# Duplicati: redirects /duplicati to /duplicati/
        	RewriteEngine On
        	RewriteRule ^/duplicati$ https://%{HTTP_HOST}/duplicati/ [R=301,L]					
        	# Duplicati: allows restore to work through the reverse proxy
        	AllowEncodedSlashes On
        	
        	# Duplicati: reverse proxy
        	<Location /duplicati/>
        		ProxyPass http://127.0.0.1:8200/
        		ProxyPassReverse http://127.0.0.1:8200/
        		ProxyPreserveHost On
        		Order allow,deny
        		Allow from all
        	</Location>
        	#...
        </VirtualHost>
        

        Restart apache2.

      2. Open /etc/default/duplicati and replace the entire line of DAEMON_OPTS=… with

        DAEMON_OPTS=" --webservice-allowed-hostnames=nl-1.srv.example.net"
        

        Replace nl-1.srv.example.net with your server hostname.

    • (if you don't have a web server) A self-signed SSL certificate directly through the Duplicati configuration

      1. Generate the SSL certificate:

        sudo sh -c 'mkdir -p /root/.config/Duplicati/ssl && chmod -R og= /root/.config/Duplicati'
        
        # Replace "nl-1.srv.example.net" with your server hostname
        sudo openssl req -x509 -newkey rsa:4096 -keyout /root/.config/Duplicati/ssl/key.pem -out /root/.config/Duplicati/ssl/cert.pem -sha256 -days 3650 -nodes -subj "/CN=nl-1.srv.example.net"
        
        # Replace "nl-1.srv.example.net" with your server hostname
        sudo openssl pkcs12 -export -out /root/.config/Duplicati/ssl/nl-1.srv.example.net.pfx -inkey /root/.config/Duplicati/ssl/key.pem -in /root/.config/Duplicati/ssl/cert.pem -passout pass:
        
      2. Open /etc/default/duplicati and replace the entire line of DAEMON_OPTS=… with

        DAEMON_OPTS="--webservice-interface=any --webservice-port=8200 --webservice-allowed-hostnames=nl-1.srv.example.net --webservice-sslcertificatefile=/root/.config/Duplicati/ssl/nl-1.srv.example.net.pfx"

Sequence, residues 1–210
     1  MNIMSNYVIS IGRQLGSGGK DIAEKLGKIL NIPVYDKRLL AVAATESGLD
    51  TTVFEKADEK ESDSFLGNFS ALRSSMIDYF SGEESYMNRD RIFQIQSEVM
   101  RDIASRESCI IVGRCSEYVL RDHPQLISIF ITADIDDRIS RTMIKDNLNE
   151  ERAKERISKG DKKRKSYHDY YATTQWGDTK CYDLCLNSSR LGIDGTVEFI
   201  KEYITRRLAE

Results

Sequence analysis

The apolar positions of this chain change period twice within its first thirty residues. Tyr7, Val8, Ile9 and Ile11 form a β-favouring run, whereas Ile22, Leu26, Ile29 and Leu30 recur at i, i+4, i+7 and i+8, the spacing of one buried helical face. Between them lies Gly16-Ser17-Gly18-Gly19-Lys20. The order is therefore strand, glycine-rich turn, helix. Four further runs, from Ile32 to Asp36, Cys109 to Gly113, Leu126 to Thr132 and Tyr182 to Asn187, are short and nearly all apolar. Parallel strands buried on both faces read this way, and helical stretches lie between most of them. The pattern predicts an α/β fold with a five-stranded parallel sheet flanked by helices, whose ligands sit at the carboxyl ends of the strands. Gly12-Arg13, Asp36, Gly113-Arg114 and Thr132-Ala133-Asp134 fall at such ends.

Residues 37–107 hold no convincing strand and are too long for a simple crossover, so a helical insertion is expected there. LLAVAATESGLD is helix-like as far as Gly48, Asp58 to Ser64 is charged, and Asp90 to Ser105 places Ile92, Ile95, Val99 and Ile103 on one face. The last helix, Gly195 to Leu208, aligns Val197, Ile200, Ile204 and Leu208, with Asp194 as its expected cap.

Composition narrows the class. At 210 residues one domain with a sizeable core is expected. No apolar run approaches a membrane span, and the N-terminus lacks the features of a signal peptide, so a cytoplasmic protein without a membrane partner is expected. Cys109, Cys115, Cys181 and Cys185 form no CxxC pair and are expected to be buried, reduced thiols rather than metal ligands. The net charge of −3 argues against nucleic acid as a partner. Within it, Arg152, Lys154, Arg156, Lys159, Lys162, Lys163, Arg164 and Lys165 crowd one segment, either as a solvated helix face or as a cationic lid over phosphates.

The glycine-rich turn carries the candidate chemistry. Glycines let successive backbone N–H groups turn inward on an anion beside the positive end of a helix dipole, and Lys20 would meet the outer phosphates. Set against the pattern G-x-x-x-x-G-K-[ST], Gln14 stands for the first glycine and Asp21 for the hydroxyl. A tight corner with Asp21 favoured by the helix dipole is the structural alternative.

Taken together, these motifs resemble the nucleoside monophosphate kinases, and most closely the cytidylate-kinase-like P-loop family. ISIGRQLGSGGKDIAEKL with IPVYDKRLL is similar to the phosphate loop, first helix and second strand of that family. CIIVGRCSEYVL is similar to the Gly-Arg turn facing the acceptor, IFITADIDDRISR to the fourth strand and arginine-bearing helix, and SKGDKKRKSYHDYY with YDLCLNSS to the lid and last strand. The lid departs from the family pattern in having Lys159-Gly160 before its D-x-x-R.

Replace both nl-1.srv.example.net with your server hostname.

  3. Once started, you can now access the Duplicati web UI: http://nl-1.srv.example.net:8200

  4. Add a new backup, setting the following fields on the configuration tabs:

    1. "General" tab:

      • Name: Backblaze Backup
      • Passphrase - set up a good encryption password - I'd use a 64 characters random string
    2. "Destination" tab

      • Storage Type: B2 Cloud Storage
      • Bucket name: the one you created earlier (e.g., acme-nl1srvexamplenet-backup)
      • B2 Application ID: the keyID that you copied earlier.
      • B2 Application Key: the applicationKey that you copied earlier.
        Now test your connection, and continue to the next step if it's successful.
    3. "Source Data" tab

      • Source data: choose what folders you want to backup, I usually choose /etc, /home, /root, /var/spool/cron
      • Filters: expand Filters, then click on the three dots > "Edit as text"
        duplicati-source-data-filters-screenshot.jpg

        This is the list I use, feel free to modify according to your needs:
      -*.log
      -access-logs/*
      -*/backupbuddy_backups/*
      -*/cache/smarty/*
      -.cagefs
      -.cagefs*
      -*/com_akeeba/backup/*
      -*/core.[0-9]*
      -.cpan
      -.cpanel/caches
      -.cpanel/datastore
      -.cpanel/*.sock
      -.cpcpan
      -*/error_log
      -logs/*
      -tmp/*
      -.MirrorSearch
      -public_ftp/*
      -public_html/cache/*
      -softaculous_backups/*
      -.sqmailattach
      -*/var/amasty_fpc/*
      -*/var/backups/*
      -*/var/cache/*
      -*/var/debug/*
      -*/var/export/*
      -*/var/import/*
      -*/var/log/*
      -*/var/report/*
      -*/var/session/*
      -*/var/tmp/*
      -*/wp-content/cache/*
      -*/wp-content/uploads/wpcf7_captcha/*
      -*/wp-content/widget-cache/*
      -*.wpress
      -*/wptsc-cachedir/*
      -*/.wysiwygPro_*
      -/root/.config/Duplicati/
      
    4. "Schedule" tab

      • Choose a time of day for the backups – usually when your server is less loaded (e.g., 2 am)
    5. "Options" tab

      • Backup retention: Custom backup retention
      • Configure the custom retention field, e.g., 30D:1D,1Y:1M if you want to keep one backup for each of the next 30 days, and one for each of the next 12 months
  5. "Run now" your backup and monitor it from time to time. If it stops, re-run until it completes successfully (e.g., if a connectivity issue with Backblaze B2 occurs, it will result in an error. Re-running the backup will resume the progress from where it stopped).

  6. Test and verify that the restoration process works!

Backing up your Linux server with Duplicati and Backblaze B2 is straightforward and cost-effective. Follow this guide to keep your data safe and easily restorable. Don't wait – secure your server now!